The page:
14 Mental Health Apps People Living With Mental Illnesses Recommend
Nowadays you can track just about anything using your phone, including your mental health. Whether you take an antidepressant, see a therapist regularly or manage a mental illness on your own, tracking your mental health can provide valuable insight into your mental wellbeing.
We asked our mental health community which tracking apps they use and would recommend. Here are some of their favorites.
“Stigma! It’s awesome! You can journal about your moods, see a visual graph of your moods and you get to chat with penpals dealing with similar mental health issues!… The developer of Stigma is very involved with the community of users and loves to hear feedback about the app! He updates it with new features every couple of weeks. The newest feature is support groups. While I haven’t gotten to try them out yet, they sound great.” — Megan L.
Download Stigma for iOS (Android version coming soon).
“Pacifica. Started just using free sections but I upgraded (£25 GPB for the year) and it has been one of the biggest factors in my recovery — the CBT [cognitive behavioral therapy] thought exercises are really powerful as is all of the mood and health tracking and being able to link them and all of the relaxation tech. Money well spent.” — Catherine W.
“Pacifica is a lifesaver. It’s available on the iOS store. You can pay to get bonus features but I’m satisfied with the free version. I journal thoughts and it helps me identify negative thought patterns and set goals for whatever I do on a day-to-day basis.” — Hailee K.
“Pacifica. It has group chat and support; tracking for mood, thoughts, etc; mindfulness and meditation guiding; panic and de-escalation guides and pretty much everything. I think you do have to pay for full access but for free you still get access to tracking for sure.” — Bunny M.
“Booster buddy! Because it says motivational things and has a coping skills library, has an emergency crisis plan, helps you with emergency contacts or 911 if needed, advises you of ways every day you can manage your mental illness, gives medication reminders, and lets you check in so you can see in a visual aid how you were doing on any certain day or a month view. Also, lets you track notes and events in a calendar. Plus, you get to choose a cute little character (mine is the raccoon) and dress it up with glasses and hats and stuff.” — Jennifer D.
“I use the DBT app as it walks me through using my skills and coping techniques step by step when I am too distressed to remember how to use the skills! I can also share my mood logs with my therapist directly from the app via email.” — Kirstie O.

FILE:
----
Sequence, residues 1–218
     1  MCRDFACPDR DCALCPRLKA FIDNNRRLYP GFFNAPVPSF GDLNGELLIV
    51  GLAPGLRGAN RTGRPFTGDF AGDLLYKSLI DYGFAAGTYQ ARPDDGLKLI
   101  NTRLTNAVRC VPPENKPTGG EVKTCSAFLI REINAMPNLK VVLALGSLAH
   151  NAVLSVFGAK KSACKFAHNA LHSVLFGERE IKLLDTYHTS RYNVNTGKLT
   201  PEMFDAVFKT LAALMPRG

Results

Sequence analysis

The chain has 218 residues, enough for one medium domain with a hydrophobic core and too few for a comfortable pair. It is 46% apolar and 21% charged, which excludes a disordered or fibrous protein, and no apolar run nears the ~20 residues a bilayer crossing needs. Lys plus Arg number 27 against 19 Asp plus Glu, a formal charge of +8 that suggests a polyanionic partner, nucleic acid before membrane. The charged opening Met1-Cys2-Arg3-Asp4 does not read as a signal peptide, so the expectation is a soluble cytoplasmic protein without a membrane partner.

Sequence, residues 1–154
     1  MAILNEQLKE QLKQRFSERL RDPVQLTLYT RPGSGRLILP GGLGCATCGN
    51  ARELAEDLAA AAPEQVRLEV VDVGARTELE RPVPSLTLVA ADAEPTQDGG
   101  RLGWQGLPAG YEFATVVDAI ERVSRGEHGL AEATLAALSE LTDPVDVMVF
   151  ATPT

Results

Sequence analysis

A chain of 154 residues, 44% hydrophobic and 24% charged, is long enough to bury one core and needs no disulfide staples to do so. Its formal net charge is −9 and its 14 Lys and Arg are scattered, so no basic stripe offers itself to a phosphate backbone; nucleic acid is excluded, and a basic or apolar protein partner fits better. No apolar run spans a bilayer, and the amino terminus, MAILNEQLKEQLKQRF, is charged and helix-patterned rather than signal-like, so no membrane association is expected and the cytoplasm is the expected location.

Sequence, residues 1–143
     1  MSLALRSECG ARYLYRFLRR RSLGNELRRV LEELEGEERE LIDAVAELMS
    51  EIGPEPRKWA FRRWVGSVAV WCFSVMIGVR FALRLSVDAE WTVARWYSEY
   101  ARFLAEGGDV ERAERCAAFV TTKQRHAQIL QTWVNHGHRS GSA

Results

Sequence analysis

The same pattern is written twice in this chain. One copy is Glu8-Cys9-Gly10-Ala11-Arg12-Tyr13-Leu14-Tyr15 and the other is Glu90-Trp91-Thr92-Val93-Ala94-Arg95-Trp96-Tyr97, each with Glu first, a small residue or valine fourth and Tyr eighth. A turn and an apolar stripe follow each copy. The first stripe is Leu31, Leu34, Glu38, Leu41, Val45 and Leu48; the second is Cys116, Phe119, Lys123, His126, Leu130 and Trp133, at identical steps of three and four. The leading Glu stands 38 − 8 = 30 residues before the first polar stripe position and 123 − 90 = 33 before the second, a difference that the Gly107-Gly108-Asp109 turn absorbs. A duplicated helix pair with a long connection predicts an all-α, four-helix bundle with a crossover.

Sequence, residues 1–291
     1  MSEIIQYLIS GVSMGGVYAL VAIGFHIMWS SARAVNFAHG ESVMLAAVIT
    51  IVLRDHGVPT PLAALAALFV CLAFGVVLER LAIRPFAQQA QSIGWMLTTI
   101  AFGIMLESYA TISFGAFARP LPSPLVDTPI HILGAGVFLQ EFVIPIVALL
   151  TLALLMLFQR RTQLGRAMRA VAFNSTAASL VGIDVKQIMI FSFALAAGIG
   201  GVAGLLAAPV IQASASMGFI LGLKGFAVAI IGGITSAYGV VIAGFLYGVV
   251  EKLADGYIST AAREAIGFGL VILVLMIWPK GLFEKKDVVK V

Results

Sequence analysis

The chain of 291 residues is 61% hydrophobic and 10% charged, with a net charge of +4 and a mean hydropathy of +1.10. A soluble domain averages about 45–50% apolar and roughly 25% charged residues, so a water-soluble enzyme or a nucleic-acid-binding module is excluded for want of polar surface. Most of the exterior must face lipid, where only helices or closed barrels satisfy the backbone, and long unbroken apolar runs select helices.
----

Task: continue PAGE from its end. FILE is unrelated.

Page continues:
Download DBT Diary Card and Skills Coach for iOS.
5. In Flow
“In Flow. It has so many great features — you can add photos to your journal entries, add friends on the app so you can keep up with how each other is doing (but you’re also allowed to make entries private so you don’t have to worry about everything being viewable), a mood tracking graph to get a more visual idea of how you’ve been, it ranks locations activities and people in order of which you were the most positive around and you can also set it to notify you to make an entry. The way it works is you start off with picking your energy level then emotional state — these are all represented why smiley, frowny faces and awake or tired eyes — you make the face that fits your feeling. Then you add a picture, if you want, and type in specifically how you’re feeling in that moment. After that you choose things in three separate categories: Where are you? Who are you with? What are you doing? And then you post it!” – Danielle L.
“My mom and I use this app together, it’s truly amazing and there are so many other great little features on there!” — Stephanie F.
Download In Flow for Android.
“I use Daylio, which is a mood tracker that I’ve been using for nearly a year now and love it.” — Natasha W.
“I use Daylio as it provides daily and weekly summaries of how my moods have altered through out the day, week, month, etc. It is solely a mood tracker though.” — Fallon G.
“I use Daylio. It tracks my moods as I record them, and is also a diary so I can track my days. And at the end of the month, it gives me a status report.” — Brandi G.
“CBT Thought Record Diary, it helps me to document my automated negative responses to situations and then challenges them with what is the truth. It has helped me so much to recognize when am I catastrophizing and telling myself lies.” — Truda W.
“I use T2 Mood Tracker. It’s easy to use. You can add notes, and [it] has the ability to export as a PDF (to share with a professional if need be). I have mine set up to send an alert to me three times a day to remind me to fill in how I’m feeling.” — Jess C.
9. What’s Up
“I really like What’s Up. It’s like a journaling app that can also track your mood. It’s super helpful when I’m out and having trouble coping” — Ally M.
“I use SAM. It is an anxiety tracker and it tracks the intensity and the physical effects it has on your body” — Maxwell L.
“I’m a fan of Wildflower it lets you track mood and heart rate as well as having little meditation videos!” — Izzy D.
“MindShift is an app for anxiety that helps you deal with your anxiety rather than running away from it.” — Jienelise H.
13. Patients Like Me
“You can track all of your feelings and physical symptoms and you can do updates to show your doctor. You can also talk to other people who have the same issues you have and get updates on new medications.” — De C.
Download Patients Like Me for iOS.
14. iMood Journal
“iMood Journal. You can search your moods by keywords. So, I can find all the times I marked ‘crying’ or ‘grief.'” — Elizabeth M.
Have a mental health tracking app you love? Let us know in the comments below.